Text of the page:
IntelSoftwareDevelopersManual

To emulate floating point instructions the em mp and

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Unformatted text preview: the floating-point operation (EM = 1). Ordinarily, the EM flag is cleared when an FPU or math coprocessor is present and set if they are not present. If the EM flag is set and no FPU, math coprocessor, or floating-point emulator is present, the system will hang when a floatingpoint instruction is executed. The MP flag determines whether WAIT/FWAIT instructions react to the setting of the TS flag. If the MP flag is clear, WAIT/FWAIT instructions ignore the setting of the TS flag; if the MP flag is set, they will generate a device-not-available exception (#NM) if the TS flag is set. Generally, the MP flag should be set for processors with an integrated FPU and clear for processors without an integrated FPU and without a math coprocessor present. However, an operating system can choose to save the floating-point context at every context switch, in which case there would be no need to set the MP bit. Table 2-1 in Chapter 2, System Architecture Overview shows the actions taken for floating-point and WAIT/FWAIT instructions based on the settings of the EM, MP, and TS flags. The NE flag determines whether unmasked floating-point exceptions are handled by generating a floating-point error exception internally (NE is set, native mode) or through an external interrupt (NE is cleared). In systems where an external interrupt controller is used to invoke numeric exception handlers (such as MS-DOS-based systems), the NE bit should be cleared. 8-7 PROCESSOR MANAGEMENT AND INITIALIZATION 8.2.2. Setting the Processor for FPU Software Emulation Setting the EM flag causes the processor to generate a device-not-available exception (#NM) and trap to a software exception handler whenever it encounters a floating-point instruction. (Table 8-2 shows when it is appropriate to use this flag.) Setting this flag has two functions: • • It allows floating-point code to run on an Intel processor that neither has an integrated FPU nor is connected to an external math coprocessor, by using a floating-point emulator. It allows floating-point code to be executed using a special or nonstandard floating-point emulator, selected for a particular application, regardless of whether an FPU or math coprocessor is present. To emulate floating-point instructions, the EM, MP, and NE flag in control register CR0 should be set as shown in Table 8-3. Table 8-3. Software Emulation Settings of EM, MP, and NE Flags CR0 Bit EM MP NE Value 1 0 1 Regardless of the value of the EM bit, the Intel486™ SX processor generates a device-not-available exception (#NM) upon encountering any floating-point instruction. 8.3. CACHE ENABLING The Intel Architecture processors (beginning with the Intel486™ processor) contain internal instruction and data caches. These caches are enabled by clearing the CD and NW flags in control register CR0. (They are set during a hardware reset.) Because all internal cache lines are invalid following reset initialization, it is not necessary to invalidate the cache before enabling caching. Any external caches may require initialization and invalidation using a system-specific initialization and invalidation code sequence. Depending on the hardware and operating system or executive requirements, additional configuration of the processor’s caching facilities will probably be required. Beginning with the Intel486™ processor, page-level caching can be controlled with the PCD and PWT flags in page-directory and page-table entries. For P6 family processors, the memory type range registers (MTRRs) control the caching characteristics of the regions of physical memory. (For the Intel486™ and Pentium® processors, external hardware can be used to control the caching characteristics of regions of physical memory.) Refer to Chapter 9, Memory Cache Control, for detailed information on configuration of the caching facilities in the P6 family processors and system memory. 8.4. MODEL-SPECIFIC REGISTERS (MSRS) The P6 family processors and Pentium® processors contain model-specific registers (MSRs). These registers are by definition implementation specific; that is, they are not guaranteed to be 8-8 PROCESSOR MANAGEMENT AND INITIALIZATION supported on future Intel Architecture processors and/or to have the same functions. The MSRs are provided to control a variety of hardware- and software-related features, including: • • • • The performance-monitoring counters (refer to Section 15.6., “Performance-Monitoring Counters”, in Chapter 15, Debugging and Performance Monitoring). (P6 family processors only.) Debug extensions (refer to Section 15.4., “Last Branch, Interrupt, and Exception Recording”, in Chapter 15, Debugging and Performance Monitoring). (P6 family processors only.) The machine-check exception capability and its accompanying machine-check architecture (refer to Chapter 13, Machine-Check Architecture). (P6 family processors only.) The MTRRs (refer to Section 9.12., “Memory Type Range Registers (MTRRs)”, in Chapter 9, Memory Cache Control). The MSRs can be read and written to using...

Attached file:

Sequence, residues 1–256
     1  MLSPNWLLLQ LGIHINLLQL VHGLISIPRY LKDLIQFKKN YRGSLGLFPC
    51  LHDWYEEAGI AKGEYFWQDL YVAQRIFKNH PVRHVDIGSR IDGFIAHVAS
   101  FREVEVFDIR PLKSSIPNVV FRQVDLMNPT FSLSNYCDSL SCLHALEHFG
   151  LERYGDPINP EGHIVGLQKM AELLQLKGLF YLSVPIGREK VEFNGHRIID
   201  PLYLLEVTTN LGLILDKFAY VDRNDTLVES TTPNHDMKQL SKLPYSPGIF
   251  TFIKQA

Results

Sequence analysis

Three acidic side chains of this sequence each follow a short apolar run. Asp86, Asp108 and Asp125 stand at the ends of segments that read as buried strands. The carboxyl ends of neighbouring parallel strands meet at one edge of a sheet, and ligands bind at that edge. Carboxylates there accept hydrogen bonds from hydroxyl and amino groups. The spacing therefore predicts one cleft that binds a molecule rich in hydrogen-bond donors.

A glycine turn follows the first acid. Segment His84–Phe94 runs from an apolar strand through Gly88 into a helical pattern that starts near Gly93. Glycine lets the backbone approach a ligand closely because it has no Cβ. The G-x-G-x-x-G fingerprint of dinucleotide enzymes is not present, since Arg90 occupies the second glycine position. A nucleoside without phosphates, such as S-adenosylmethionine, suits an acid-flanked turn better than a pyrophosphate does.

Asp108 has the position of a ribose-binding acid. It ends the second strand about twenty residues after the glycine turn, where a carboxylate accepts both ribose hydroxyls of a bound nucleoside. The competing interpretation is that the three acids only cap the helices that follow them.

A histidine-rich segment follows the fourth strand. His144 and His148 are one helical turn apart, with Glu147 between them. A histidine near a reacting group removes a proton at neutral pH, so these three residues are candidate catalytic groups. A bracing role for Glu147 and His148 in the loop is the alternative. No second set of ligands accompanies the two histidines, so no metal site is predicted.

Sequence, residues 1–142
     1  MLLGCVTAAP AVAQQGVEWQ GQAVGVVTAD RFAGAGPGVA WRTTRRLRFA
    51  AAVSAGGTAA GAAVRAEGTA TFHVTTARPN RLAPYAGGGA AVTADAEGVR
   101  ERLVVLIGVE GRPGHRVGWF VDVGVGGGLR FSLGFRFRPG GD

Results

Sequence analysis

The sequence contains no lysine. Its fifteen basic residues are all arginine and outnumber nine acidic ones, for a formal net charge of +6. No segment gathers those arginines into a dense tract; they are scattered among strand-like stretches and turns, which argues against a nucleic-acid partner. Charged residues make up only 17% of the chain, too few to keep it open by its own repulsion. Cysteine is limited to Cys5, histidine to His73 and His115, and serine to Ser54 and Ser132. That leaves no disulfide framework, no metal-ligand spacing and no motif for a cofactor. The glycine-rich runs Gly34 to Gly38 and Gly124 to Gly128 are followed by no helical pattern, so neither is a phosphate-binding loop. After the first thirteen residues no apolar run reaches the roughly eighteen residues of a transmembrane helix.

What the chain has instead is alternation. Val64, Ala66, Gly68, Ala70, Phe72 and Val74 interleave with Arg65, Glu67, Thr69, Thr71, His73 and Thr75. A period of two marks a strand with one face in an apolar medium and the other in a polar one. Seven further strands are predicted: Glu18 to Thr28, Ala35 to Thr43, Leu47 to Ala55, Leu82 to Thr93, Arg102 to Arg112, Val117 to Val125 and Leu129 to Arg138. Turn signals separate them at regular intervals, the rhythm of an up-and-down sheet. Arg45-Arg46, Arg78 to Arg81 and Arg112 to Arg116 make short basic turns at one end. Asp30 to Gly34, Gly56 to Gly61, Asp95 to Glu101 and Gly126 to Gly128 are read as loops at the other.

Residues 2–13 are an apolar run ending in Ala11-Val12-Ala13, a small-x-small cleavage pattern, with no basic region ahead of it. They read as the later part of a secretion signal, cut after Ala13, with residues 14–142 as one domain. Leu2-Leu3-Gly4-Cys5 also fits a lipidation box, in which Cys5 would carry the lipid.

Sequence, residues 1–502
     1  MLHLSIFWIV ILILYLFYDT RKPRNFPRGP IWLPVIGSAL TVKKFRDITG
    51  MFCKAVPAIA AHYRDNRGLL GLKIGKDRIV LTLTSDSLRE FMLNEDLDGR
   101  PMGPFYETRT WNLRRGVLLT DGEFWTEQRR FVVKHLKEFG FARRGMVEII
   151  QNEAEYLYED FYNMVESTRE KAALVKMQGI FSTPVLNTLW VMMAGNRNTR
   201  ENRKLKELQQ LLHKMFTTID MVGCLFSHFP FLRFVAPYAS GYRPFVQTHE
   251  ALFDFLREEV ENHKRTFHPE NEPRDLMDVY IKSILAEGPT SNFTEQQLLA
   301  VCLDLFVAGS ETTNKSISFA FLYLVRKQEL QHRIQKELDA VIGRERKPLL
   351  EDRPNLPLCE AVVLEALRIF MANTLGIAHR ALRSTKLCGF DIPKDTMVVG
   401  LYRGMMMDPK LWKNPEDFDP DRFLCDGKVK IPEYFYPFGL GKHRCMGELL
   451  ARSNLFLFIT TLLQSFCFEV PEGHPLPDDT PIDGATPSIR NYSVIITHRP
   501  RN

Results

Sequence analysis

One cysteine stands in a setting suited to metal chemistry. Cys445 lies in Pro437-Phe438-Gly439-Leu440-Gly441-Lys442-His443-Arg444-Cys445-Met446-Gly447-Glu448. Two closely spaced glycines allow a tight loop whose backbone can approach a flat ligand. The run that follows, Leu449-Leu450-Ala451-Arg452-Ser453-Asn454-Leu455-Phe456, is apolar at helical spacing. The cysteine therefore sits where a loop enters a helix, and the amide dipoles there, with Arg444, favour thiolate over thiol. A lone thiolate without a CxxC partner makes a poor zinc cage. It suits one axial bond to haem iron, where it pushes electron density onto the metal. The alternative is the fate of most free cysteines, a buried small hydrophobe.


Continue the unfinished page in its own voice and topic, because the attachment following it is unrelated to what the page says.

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This note was uploaded on 06/07/2013 for the course ECE 1234 taught by Professor Kwhon during the Spring '10 term at University of California, Berkeley.

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